News
Colloquia
Multitask Learning
Rich Caruana
Cornell University
Tuesday, March 31, 2005
Walker 6113 4:00 p.m. to 5:00 p.m.
Refreshments at AE 401 3:30 p.m.
If it is hard to learn one problem, certainly it is harder to learn
100 problems. This is not necessarily true; what you learn for one
problem can make learning another problem easier. Multitask Learning
is a machine learning method that learns each problem better by also
learning from the training signals of *other* related problems. It
does this by learning all of the problems in parallel while using a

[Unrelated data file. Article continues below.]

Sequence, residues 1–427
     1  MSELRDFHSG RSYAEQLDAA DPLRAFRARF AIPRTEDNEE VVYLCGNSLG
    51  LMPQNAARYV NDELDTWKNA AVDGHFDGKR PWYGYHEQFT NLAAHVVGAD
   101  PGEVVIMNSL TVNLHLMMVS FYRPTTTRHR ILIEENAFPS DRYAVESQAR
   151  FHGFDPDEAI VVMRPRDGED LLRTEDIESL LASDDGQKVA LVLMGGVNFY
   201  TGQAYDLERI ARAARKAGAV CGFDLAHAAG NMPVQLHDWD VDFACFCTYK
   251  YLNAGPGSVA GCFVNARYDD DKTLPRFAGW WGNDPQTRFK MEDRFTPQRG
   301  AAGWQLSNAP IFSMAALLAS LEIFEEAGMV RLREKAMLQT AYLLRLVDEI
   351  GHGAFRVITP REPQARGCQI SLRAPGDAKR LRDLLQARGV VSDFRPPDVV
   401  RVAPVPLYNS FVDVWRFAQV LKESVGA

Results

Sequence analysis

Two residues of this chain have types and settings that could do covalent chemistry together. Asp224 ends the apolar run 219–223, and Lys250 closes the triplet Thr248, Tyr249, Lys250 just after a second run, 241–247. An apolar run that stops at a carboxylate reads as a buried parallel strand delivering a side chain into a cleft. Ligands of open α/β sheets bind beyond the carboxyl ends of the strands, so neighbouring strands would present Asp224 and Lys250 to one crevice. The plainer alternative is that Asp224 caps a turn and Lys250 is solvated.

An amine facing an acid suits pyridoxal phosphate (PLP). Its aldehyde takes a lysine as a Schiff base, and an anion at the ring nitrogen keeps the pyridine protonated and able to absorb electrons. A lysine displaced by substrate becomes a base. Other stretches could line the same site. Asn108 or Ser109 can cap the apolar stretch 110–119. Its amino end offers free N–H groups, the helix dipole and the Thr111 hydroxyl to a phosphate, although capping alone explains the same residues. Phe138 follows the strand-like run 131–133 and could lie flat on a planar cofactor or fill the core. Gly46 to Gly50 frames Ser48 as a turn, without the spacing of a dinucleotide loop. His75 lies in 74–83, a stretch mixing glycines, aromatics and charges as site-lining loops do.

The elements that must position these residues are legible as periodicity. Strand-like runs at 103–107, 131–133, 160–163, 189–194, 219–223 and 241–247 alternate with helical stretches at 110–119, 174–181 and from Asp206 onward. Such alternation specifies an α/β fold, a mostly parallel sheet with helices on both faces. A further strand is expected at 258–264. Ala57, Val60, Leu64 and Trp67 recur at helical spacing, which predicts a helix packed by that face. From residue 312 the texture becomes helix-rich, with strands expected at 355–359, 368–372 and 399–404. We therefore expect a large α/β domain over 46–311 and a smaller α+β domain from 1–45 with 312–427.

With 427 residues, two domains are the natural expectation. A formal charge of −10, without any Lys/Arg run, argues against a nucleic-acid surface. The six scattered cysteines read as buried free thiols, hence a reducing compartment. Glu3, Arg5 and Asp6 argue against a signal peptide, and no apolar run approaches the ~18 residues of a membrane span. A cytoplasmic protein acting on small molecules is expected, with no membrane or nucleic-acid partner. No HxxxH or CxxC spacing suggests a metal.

shared representation; what is learned for each problem helps other
problems be learned better.
In the talk I demonstrate multitask learning on a halfdozen problems.
Two of these are real problems in medical decision making for which
multitask learning currently outperforms all other methods. I explain
how multitask learning works, and show that there are many ways to use
it on real problems, some of which are rather surprising. I'll also
present suggestions for how to get the most out of multitask learning
in artificial neural nets, present an algorithm for multitask learning
with casebased methods like knearest neighbor and kernel regression,
and sketch an algorithm for multitask learning in decision trees.
Last updated: March 21, 2005